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She Kills

Review by: 
Head Cheeze
Release Date: 
SRS Cinema
Advance Screener
Aspect Ratio: 
Directed by: 
Ron Bonk
Jennie Russo
Trey Harrison
Michael Merchant
Kirk LaSalle
Niecy Cerise
Bottom Line: 
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The “grindhouse cinema” movement of the late 1970s/early 1980s wasn’t so much a genre as it was a subset of cinema deemed either too extreme for shopping mall multiplexes or lacking the budget and distribution muscle of studio offerings, limiting the exhibition of these misfit flicks to sleazy downtown theaters where they’d often receive limited engagements or be packaged with other (oftentimes completely unrelated) films in double features. The advent of home video saw budget-minded producers of these sorts of films skipping the expensive process of striking prints and the politics of competing for limited screen space in favor of dumping their films directly to video, and, as the technology and access to consumer-friendly video cameras and equipment eventually afforded virtually anyone the ability to make and distribute their own low-budget films on video, the grindhouse movement came to an abrupt end. Somewhat ironically, however, as video gave way to digital, and home computers evolved into powerful editing tools that gave a new generation of filmmakers the ability to make movies that our progenitors could only dream of, the grindhouse movement has experienced a rebirth, of sorts, with all manner of films embracing the “grindhouse experience” full-on. From Quentin Tarantino and Robert Rodriguez’ Grindhouse (as well as the latters’ Machete series), Black Dynamite, and Hobo with a Shotgun, to micro-budget offerings like Astron 6’s Father’s Day, and, now, Ron Bonk’s uproarious, over-the-top, and downright brilliant She Kills.

Opening with a gorgeously shot sequence that evokes the softcore European erotica of Jean Rollin and Jess Franco, we are introduced to Sadie (Jennie Russo) as she frolics through a meadow, stopping for a moment to expose her bountiful bosom to the warmth of the sunlight, unaware that she’s being watched by Reggie (Michael Merchant), a member of the nefarious gang, “The Touchers”. After pleasuring himself in the woods for a bit, Reggie decides to make his move, but is interrupted by the arrival of Sadie’s fiancé, Edwin (Kirk LaSalle) – a decidedly milquetoast sort who is the perfect complement to the old-fashioned, virginal Sadie. Reggie confronts Sadie and Edwin, but, when he hears sirens in the distance, Reggie opts to cut and run, letting them know they’ve not seen the last of him.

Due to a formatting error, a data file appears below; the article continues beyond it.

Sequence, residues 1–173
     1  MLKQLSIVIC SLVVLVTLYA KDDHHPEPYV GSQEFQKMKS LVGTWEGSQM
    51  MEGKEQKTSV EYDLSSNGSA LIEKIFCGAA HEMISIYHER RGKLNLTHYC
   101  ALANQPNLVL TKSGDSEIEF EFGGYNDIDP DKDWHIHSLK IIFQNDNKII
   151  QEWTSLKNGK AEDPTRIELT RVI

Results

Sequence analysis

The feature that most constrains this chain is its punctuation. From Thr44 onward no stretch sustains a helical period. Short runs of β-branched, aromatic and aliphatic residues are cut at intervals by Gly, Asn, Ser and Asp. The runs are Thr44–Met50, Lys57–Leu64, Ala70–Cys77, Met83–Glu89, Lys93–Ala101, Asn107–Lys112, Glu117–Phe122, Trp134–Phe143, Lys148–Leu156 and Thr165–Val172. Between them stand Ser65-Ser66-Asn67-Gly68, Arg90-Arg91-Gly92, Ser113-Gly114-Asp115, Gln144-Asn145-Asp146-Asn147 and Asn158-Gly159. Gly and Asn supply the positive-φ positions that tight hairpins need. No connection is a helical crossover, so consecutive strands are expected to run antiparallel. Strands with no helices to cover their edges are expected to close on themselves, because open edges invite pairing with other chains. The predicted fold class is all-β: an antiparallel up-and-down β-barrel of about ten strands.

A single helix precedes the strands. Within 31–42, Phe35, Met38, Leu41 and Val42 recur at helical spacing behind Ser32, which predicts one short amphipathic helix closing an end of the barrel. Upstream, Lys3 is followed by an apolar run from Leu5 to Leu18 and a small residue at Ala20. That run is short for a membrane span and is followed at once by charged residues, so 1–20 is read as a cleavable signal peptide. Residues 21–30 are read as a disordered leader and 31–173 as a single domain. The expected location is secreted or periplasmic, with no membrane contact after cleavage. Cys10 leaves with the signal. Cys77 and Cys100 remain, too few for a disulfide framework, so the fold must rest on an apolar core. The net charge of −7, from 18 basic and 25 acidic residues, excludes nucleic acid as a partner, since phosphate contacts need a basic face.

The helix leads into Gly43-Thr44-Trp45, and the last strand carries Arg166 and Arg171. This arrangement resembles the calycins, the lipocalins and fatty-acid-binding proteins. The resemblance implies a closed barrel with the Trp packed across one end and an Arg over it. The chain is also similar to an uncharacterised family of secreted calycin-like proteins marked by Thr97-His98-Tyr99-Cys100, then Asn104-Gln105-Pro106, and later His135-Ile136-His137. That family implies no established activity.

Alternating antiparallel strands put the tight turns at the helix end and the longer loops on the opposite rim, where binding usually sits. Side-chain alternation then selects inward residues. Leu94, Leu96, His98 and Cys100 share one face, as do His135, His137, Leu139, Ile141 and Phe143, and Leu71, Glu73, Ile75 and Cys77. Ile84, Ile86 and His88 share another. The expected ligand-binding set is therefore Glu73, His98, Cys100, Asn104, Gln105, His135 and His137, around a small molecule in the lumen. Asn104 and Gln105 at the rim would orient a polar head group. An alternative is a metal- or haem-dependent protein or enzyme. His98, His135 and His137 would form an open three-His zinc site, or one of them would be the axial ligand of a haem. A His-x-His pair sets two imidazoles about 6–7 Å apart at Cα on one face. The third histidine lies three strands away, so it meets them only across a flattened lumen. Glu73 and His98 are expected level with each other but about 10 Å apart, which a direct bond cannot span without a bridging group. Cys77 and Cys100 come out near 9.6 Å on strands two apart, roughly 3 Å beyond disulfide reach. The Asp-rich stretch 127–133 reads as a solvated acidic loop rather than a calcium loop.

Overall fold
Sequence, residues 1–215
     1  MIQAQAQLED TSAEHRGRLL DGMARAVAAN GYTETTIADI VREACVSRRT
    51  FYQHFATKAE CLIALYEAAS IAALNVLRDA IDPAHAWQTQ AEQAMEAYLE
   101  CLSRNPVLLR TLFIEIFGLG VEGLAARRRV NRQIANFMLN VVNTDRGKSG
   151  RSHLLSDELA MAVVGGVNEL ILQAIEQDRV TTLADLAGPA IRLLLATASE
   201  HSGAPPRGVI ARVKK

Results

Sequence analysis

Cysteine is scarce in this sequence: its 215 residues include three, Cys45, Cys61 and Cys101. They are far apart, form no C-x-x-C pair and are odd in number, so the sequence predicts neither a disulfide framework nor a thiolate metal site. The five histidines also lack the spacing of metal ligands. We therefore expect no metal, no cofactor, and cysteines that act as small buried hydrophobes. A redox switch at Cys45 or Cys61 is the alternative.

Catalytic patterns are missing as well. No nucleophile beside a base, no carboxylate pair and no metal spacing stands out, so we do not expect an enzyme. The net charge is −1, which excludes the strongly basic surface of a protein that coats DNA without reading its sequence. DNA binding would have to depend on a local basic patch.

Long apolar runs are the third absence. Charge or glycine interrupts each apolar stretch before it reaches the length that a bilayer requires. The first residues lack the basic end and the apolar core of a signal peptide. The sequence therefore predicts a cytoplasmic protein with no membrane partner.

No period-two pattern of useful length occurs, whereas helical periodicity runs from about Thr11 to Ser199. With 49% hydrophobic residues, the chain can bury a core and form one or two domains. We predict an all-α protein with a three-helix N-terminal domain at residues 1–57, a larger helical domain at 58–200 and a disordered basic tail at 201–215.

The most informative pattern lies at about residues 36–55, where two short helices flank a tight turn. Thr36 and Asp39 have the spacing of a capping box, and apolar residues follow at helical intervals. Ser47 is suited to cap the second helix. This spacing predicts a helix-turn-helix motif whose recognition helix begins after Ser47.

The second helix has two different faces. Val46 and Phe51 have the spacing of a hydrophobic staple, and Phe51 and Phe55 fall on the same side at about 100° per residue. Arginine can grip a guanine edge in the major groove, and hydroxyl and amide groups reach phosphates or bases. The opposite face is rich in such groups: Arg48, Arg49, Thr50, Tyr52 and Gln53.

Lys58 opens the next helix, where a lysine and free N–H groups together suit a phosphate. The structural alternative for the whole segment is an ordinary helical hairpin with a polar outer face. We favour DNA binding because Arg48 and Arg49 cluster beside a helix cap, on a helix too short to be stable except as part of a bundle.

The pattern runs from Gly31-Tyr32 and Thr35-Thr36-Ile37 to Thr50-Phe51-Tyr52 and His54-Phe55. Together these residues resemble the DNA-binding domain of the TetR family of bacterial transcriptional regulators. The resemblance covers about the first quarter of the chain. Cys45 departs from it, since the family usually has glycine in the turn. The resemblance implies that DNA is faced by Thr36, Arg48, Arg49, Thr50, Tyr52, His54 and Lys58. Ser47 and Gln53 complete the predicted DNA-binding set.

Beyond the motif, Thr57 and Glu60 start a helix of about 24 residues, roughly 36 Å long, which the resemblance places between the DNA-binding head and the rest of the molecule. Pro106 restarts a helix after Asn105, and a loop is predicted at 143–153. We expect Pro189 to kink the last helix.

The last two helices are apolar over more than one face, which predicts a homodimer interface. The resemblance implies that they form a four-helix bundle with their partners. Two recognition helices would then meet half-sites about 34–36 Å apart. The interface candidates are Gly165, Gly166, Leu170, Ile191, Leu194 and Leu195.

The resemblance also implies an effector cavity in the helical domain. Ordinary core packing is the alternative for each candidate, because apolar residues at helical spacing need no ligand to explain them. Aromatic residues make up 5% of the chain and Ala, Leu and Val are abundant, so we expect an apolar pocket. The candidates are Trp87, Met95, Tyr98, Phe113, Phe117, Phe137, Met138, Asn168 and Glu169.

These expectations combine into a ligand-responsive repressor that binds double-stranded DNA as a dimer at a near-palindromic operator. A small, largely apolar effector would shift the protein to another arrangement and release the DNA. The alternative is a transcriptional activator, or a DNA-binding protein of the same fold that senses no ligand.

Soon we see Edwin carrying his new bride over the threshold into a motel room where Sadie is finally ready to give herself to him. As Sadie readies herself for her first sexual encounter, Edwin goes out to the car to retrieve their bags, only to return with Reggie and the rest of The Touchers, including the gang’s hirsute leader, Dirk (the amazing Trey Harrison). Trey decides it will be he who takes Sadie’s virginity, but, when The Touchers are exposed to Sadie’s forbidden fruit, they are overcome with a bizarre bloodlust that forces them to literally devour poor Edwin! A confused and sickened Dirk and his gang leave Sadie and the skeletal remains of her husband in the motel, forcing Sadie to seek help from her mystic friend, Casparella (Niecy Cerise), who tells her that her lady bits are cursed with the legendary “Fire Crotch”, and that Satan, himself, lays claim to her nether regions. Casparella attempts to help Sadie rid herself of her curse, but her “space exorcism” unexpectedly reveals Sadie’s true powers – powers she decides to use to get her revenge on The Touchers.

Filmed and edited in true grindhouse style, She Kills is an absolutely hysterical and deliciously deviant homage to the exploitation films that inspired it, with some of the most grotesque and gleefully offensive sequences I’ve ever seen (and I’ve seen a lot, man). The film liberally borrows from virtually every genre under the exploitation banner, from gross-out horror to martial-arts flicks, with additional nods to everything from They Call Her One Eye (aka; Thriller – A Cruel Picture) and Star Wars to Ingmar Bergman’s The Seventh Seal. Bonk expertly stages his scenes with a slavish devotion to the grindhouse aesthetic, right down to the period props and settings, while his actors – especially the fearless Russo and hilarious Harrison – deliver intentionally bad performances that make it all the more genuine. Top it all off with a wonderfully retro score by Emmett Van Slyke, and you’ve got one of the most authentic and audacious grindhouse homages I’ve ever seen.

She Kills plays out like a film school collaboration between John Waters and Lloyd Kaufman, filled with hilarious sight-gags, thoroughly disgusting (and charmingly cheap) special effects, and an obvious and infectious love for the subject it’s lampooning. Whether you’re a fan of grindhouse cinema or the splatter comedy of Troma films, She Kills has something that will appeal to (and, most likely, playfully offend) everyone. Highest recommendations! 

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